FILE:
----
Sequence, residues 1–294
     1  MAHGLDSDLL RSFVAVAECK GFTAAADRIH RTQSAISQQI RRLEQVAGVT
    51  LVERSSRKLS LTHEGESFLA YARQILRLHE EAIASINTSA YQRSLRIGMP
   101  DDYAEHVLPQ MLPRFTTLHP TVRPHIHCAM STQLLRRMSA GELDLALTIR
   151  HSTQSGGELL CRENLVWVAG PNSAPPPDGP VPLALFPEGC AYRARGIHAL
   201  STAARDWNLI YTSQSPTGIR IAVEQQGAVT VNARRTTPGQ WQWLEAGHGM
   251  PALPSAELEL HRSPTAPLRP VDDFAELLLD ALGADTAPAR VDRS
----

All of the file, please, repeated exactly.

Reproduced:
Sequence, residues 1–294
     1  MAHGLDSDLL RSFVAVAECK GFTAAADRIH RTQSAISQQI RRLEQVAGVT
    51  LVERSSRKLS LTHEGESFLA YARQILRLHE EAIASINTSA YQRSLRIGMP
   101  DDYAEHVLPQ MLPRFTTLHP TVRPHIHCAM STQLLRRMSA GELDLALTIR
   151  HSTQSGGELL CRENLVWVAG PNSAPPPDGP VPLALFPEGC AYRARGIHAL
   201  STAARDWNLI YTSQSPTGIR IAVEQQGAVT VNARRTTPGQ WQWLEAGHGM
   251  PALPSAELEL HRSPTAPLRP VDDFAELLLD ALGADTAPAR VDRS